SOLOMONS LAUNCHES ENQUIRY INTO SHORELINE RIGHTS

admin's picture

Clarity sought on legal, customary ownership of resource

HONIARA, Solomon Islands (Solomon Star, Oct. 28, 2009) - The Solomon Islands Law Reform Commission (LRC) will today launch its consultation paper for an enquiry into the law and custom that applies to land below high water and low water mark.

The launch of the consultation paper marks the beginning of public consultation by the LRC for this enquiry.

The consultation paper, to be launched by the Minister for Justice and Legal Affairs, the Honourable Laurie Chan, gives information about the current written law (legislation) that applies to this area of land and identifies issues that need to be considered during the enquiry.

The paper also gives information about the law of neighboring countries over this area of land, and asks questions about how the law should be changed in Solomon Islands.

The land below high and low water mark is the beaches, foreshores, reefs and seabed.

The current law of Solomon Islands recognizes that this area of land can be customary land if customary ownership, use or occupation existed prior to 1st January 1969.

However the written law, in the Land and Titles Act, that applies to this area of land is not clear.

During consultation the LRC will need to look at customary ownership and rights over the land below high water and low water mark.

It will also consider whether the law should say anything about how decisions about made about development over this area of land, and public use and access to this area of land.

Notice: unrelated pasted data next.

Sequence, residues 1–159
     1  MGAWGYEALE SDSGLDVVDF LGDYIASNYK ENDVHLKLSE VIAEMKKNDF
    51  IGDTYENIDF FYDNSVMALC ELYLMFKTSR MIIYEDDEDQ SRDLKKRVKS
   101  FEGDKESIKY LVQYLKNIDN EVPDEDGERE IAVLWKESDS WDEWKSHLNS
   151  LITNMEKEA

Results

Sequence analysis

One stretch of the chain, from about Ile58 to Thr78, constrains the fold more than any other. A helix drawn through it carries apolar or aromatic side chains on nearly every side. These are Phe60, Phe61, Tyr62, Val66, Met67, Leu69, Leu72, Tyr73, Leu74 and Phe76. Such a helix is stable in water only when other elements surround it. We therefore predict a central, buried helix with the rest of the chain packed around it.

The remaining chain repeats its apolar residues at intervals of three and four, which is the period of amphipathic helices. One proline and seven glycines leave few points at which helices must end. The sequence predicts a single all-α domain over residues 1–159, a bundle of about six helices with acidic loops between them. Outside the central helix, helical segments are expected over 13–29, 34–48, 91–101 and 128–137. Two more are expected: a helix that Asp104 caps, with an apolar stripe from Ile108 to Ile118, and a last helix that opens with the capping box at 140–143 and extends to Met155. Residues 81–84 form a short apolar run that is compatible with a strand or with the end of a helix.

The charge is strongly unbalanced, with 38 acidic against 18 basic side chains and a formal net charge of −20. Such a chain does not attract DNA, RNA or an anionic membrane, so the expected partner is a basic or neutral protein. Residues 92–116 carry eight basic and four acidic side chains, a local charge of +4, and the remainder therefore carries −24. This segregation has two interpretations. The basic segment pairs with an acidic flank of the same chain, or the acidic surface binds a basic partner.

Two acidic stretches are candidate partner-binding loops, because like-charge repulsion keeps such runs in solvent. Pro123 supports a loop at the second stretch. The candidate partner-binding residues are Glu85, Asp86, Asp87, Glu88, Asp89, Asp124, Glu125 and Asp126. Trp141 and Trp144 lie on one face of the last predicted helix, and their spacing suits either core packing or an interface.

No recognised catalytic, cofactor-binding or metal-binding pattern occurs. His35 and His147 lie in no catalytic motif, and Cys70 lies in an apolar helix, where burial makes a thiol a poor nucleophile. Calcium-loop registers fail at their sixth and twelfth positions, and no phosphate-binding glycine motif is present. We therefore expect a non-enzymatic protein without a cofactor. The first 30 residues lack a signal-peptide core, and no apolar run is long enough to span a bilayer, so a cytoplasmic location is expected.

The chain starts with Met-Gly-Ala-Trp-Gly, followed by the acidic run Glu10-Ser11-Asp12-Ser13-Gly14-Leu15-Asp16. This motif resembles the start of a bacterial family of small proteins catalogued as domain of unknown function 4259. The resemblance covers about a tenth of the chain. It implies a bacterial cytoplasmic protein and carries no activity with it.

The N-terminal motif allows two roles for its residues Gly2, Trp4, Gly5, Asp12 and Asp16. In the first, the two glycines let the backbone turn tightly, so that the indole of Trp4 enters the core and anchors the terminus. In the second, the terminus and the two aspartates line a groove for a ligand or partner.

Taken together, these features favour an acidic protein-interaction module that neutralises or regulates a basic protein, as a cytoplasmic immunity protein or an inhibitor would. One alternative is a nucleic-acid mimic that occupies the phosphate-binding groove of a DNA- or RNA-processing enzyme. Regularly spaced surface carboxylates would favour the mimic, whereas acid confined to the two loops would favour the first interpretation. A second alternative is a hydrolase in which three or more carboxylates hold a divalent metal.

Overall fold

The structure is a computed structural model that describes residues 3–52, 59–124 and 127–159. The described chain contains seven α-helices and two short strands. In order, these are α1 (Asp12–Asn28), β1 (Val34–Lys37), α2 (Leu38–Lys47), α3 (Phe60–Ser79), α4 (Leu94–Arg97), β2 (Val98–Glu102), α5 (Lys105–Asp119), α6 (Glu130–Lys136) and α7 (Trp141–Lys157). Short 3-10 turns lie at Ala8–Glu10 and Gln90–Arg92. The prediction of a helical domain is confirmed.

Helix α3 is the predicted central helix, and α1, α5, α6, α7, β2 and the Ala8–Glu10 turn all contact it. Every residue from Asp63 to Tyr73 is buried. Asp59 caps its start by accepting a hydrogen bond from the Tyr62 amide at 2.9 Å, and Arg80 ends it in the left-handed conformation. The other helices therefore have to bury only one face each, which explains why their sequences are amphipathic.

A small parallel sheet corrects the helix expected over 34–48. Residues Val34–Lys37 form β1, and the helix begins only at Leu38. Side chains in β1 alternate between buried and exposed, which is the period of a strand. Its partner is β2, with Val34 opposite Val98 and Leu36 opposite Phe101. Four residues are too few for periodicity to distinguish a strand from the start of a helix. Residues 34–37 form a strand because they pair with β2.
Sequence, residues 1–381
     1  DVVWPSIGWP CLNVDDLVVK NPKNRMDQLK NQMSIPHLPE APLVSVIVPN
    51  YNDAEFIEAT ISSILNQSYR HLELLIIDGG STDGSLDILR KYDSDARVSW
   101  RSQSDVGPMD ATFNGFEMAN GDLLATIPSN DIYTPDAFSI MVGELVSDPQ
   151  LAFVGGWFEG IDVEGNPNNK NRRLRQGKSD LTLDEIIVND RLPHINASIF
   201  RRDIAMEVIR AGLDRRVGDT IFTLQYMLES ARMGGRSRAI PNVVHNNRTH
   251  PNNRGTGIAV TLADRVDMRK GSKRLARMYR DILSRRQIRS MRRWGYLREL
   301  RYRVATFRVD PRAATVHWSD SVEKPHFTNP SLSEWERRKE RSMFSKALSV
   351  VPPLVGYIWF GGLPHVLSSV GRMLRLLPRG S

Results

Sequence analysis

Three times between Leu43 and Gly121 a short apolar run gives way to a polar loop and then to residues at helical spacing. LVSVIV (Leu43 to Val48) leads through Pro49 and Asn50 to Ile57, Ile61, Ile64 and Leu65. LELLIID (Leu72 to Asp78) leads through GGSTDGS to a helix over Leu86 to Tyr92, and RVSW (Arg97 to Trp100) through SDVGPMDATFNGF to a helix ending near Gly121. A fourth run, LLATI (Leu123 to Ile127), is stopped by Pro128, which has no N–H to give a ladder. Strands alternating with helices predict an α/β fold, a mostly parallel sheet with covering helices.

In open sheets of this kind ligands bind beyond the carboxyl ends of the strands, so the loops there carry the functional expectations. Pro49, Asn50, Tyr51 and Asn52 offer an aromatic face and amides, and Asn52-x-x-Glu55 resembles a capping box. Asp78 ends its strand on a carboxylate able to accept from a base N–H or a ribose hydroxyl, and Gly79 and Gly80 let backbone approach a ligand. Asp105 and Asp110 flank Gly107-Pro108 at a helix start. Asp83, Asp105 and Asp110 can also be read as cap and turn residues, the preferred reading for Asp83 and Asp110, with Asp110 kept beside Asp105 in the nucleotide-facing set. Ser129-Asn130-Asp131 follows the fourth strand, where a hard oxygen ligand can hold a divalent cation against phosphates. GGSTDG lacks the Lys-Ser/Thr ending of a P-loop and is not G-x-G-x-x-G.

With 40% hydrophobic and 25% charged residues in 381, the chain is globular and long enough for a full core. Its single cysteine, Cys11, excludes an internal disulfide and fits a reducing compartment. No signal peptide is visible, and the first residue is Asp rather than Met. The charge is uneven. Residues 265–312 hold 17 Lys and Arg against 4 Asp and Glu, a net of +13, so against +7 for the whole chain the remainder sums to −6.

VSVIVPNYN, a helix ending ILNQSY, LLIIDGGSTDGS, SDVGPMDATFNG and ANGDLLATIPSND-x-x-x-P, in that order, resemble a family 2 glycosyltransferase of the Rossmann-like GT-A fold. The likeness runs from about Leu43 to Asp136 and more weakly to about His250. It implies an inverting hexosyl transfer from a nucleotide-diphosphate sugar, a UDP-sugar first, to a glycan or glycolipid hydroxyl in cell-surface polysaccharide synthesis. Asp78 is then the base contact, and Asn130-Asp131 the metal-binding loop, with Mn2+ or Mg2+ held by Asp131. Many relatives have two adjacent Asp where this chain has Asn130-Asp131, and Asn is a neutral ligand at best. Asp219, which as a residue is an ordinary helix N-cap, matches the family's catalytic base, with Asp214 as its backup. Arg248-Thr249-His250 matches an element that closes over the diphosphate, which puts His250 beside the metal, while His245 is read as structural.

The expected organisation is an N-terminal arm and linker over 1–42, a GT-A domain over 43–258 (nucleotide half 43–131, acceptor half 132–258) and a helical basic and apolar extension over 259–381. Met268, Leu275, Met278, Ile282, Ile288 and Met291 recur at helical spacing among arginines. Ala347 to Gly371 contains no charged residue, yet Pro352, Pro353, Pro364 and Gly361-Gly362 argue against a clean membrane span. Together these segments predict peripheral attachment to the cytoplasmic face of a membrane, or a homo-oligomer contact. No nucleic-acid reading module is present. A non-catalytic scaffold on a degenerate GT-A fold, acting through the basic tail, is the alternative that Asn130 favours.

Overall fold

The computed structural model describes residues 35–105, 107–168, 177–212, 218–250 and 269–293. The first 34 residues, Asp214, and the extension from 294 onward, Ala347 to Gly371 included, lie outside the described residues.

The aim of the consultation paper is to stimulate views and submissions that will help the LRC to develop recommendations for changes to the current law on land below high and low water mark.

The LRC is keen to hear from landowners, land users and members of the public.

At the end of its enquiry the LRC will report to the Minister for Justice and Legal Affairs about any reform or change to the law necessary to reflect the current needs, thinking and practices of the people of Solomon Islands.

The Law Reform Commission through its legal staff will consult for this enquiry, and hopes to engage with as many people as possible during its consultation.

Consultation will be held throughout 2010 and will include workshops and meetings with special interest groups, as well as meetings in the Provinces. Comments, views or submissions may be sent to the LRC by post, email, fax or given at consultation meetings.

The consultation paper can be obtained by contacting the LRC on telephone 38773.

Rate this article: 
Average: 3.4 (12 votes)

Add new comment